As such, it didn’t have as long a run as the producers would have wanted. I remember going to see it at the Westminster Theatre, where it transferred after a short season at the Shaftesbury Theatre, and I have to admit I can’t remember a whole lot about it.
However, it is the CD that we are reviewing here and the passing of years makes this sound all the more endearing and is a wonderful record of what we in the 1970s looked on as a ‘modern musical’. It is obvious that songs were written to suit the style and popularity of Jones, who was after all the main draw. But other cast members hold their own and even Tricia Deighton’s saucy number ‘Fa La La’ is a joy to hear.
In conclusion: this is not (and has never been) a favourite musical of mine but, as with all the Stage Door Records remastered releases, it brings back wonderful memories of a time gone by that we will never be able to relive again on stage – thank goodness all is not lost and we at least have these fabulous CD releases.
THE KING and I/CAROUSEL libretti (Applause Libretto Library: King and I – ISBN: 978-1-4950-5609-3; Carousel – ISBN: 978-1-4950-5658-1)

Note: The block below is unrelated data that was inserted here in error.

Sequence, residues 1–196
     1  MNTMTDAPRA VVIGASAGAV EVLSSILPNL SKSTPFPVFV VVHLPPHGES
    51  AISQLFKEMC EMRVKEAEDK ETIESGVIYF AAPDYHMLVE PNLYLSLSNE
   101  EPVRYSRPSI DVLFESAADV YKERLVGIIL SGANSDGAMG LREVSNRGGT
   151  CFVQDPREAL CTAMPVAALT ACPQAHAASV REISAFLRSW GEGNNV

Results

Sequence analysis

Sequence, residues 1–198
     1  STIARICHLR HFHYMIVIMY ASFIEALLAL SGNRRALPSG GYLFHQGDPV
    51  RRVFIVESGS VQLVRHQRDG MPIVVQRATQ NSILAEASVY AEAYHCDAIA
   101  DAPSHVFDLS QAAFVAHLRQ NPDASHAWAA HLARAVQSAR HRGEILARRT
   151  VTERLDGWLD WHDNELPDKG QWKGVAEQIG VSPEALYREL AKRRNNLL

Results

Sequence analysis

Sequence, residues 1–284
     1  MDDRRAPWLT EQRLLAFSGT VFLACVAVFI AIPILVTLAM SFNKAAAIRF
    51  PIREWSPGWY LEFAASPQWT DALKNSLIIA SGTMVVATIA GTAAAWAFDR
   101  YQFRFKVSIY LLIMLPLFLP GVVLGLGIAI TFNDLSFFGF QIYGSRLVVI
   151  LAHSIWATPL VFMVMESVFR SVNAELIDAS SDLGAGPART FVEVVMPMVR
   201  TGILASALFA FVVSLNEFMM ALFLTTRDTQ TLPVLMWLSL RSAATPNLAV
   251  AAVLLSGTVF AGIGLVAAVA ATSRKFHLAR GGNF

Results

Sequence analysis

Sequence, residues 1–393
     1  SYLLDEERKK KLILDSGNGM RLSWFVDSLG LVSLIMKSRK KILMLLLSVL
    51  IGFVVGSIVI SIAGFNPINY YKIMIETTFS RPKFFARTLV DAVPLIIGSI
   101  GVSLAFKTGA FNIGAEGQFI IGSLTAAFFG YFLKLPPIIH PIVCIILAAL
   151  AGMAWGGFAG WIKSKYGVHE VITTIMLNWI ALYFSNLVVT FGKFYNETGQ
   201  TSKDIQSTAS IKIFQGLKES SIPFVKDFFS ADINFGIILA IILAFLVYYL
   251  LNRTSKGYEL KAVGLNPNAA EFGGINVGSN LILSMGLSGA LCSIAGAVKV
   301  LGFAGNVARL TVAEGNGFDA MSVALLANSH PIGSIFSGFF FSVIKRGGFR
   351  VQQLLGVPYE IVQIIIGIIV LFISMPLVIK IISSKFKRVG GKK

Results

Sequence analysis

You may wonder what on earth we are doing reviewing a couple of libretti that have been available for more than 60 years. Well, Rodgers and Hammerstein have brought out new editions of these scripts with lovely glossy covers and photographs of original and current productions as well as the films.
Both of the books have an introduction by Ted Chapin, who runs the Rodgers and Hammersmith offices and is in charge of all copyright throughout the world for R&H productions. And, could I add, a really lovely man who I had the pleasure of meeting many moons ago. What Ted Chapin doesn’t know about R&H is not worth knowing!
There is also South Pacific available in this new format but I was only sent the above two books to examine. I am sure there will be more to follow so keep an eye open for Applause Libretto Library editions of your favourite musical libretti.